The Massachusetts Democratic Primary is tomorrow. Vote from 7am – 8pm at the Gosman Gym.
Cross-posted to Blue Mass Group
Why I support Barack Obama in his quest for the Presidency:
My endorsement of Barack has little to do with the man himself. As he is fond of saying, it’s not about him. It’s about us. Furthermore, thanks to the work of John Edwards, there’s little daylight between Obama and Hillary in policy terms, since they both raced to join Edwards on the fresh, smart ideological ground he had broken open. In effect, I will cast my vote tomorrow for the Barack Obama *campaign* and the movement it nurtured.
I support the Obama movement because it represents people who I believe should run the Democratic party: high-information activists and passionate “rank and file” Democrats.
I support the Obama coalition: youth, liberals, and African-Americans. I like Barack’s message of community empowerment. A lot of ink has been spilled (what’s the online equivalent of that phrase? A lot of pixels have been displayed?) over the significance of his time as a community organizer. I am in no position to judge how he brings those principles to his campaign, so I’ll ignore that chapter of his life. I will say that Barack’s campaign has distinguished itself from the outset by its reliance on what those in the business call “field”, i.e. boots on the ground, peer contact, etc, rather than advertising. That’s important for several reasons. In The Assault on Reason, Al Gore lays out many reasons why relying on television (and Television advertising) is bad. Long story short, TV ads are increasingly ineffective, they give tons of money to gigantic media corporations who run the ads and donate that money to Republicans. TV ads are one-way messages, and are reduced to sound-bytes and slogans by the constraints of the 30 second spot. Peer-to-peer canvassing and other contact involves a substansive, two-way dialog.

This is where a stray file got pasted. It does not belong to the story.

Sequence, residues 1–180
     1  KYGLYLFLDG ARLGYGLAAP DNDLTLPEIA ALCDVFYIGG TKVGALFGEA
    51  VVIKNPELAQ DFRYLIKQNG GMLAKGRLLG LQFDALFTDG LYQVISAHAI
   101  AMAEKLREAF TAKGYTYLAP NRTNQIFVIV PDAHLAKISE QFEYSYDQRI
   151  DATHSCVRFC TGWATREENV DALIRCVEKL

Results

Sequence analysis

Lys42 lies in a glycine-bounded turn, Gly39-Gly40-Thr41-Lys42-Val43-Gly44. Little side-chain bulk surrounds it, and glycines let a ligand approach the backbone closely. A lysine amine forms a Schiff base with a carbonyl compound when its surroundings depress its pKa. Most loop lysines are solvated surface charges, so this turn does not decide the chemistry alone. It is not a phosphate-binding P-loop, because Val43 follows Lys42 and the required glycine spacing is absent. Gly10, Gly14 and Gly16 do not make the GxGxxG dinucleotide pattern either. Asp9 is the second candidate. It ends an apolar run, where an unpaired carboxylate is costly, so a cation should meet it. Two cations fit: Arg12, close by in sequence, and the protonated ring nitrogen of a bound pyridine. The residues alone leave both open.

I read an analysis somewhere that went something like this:
In traditional campaigns, each hard-core supporter ‘counts’ as much as 1.2 votes generated by advertising. The Obama campaign figures these hard-core supporters count for as much as 5 or six normal voters, and do outreach accordingly. Why? In the old days, hard-core supporters were nice and all, but they were tiny points of light in the vastness of the country: what Obama figured out how to do (borrowing heavily from Howard Dean) was how to take those million individual matches and combine them to create a self-sustaining bonfire.